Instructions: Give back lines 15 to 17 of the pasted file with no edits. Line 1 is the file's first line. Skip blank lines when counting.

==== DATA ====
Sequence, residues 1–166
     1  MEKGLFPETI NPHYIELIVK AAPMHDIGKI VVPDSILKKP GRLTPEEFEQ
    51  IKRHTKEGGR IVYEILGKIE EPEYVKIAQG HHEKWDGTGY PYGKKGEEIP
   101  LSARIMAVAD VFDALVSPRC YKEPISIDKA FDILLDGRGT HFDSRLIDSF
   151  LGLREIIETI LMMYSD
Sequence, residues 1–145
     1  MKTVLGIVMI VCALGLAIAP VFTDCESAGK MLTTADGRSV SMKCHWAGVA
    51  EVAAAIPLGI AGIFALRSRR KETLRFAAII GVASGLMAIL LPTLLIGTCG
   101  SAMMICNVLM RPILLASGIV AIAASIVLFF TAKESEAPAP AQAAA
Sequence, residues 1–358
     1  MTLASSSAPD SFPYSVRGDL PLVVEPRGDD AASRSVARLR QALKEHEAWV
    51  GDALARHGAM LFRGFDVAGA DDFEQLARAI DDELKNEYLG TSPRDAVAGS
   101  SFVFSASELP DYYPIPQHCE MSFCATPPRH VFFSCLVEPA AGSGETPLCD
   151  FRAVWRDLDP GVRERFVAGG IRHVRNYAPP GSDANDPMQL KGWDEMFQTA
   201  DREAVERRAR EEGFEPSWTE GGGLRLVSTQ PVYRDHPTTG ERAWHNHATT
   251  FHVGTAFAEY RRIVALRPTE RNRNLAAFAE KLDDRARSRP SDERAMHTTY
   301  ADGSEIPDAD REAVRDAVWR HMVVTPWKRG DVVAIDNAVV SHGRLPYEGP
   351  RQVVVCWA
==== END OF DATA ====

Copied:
   201  DREAVERRAR EEGFEPSWTE GGGLRLVSTQ PVYRDHPTTG ERAWHNHATT
   251  FHVGTAFAEY RRIVALRPTE RNRNLAAFAE KLDDRARSRP SDERAMHTTY
   301  ADGSEIPDAD REAVRDAVWR HMVVTPWKRG DVVAIDNAVV SHGRLPYEGP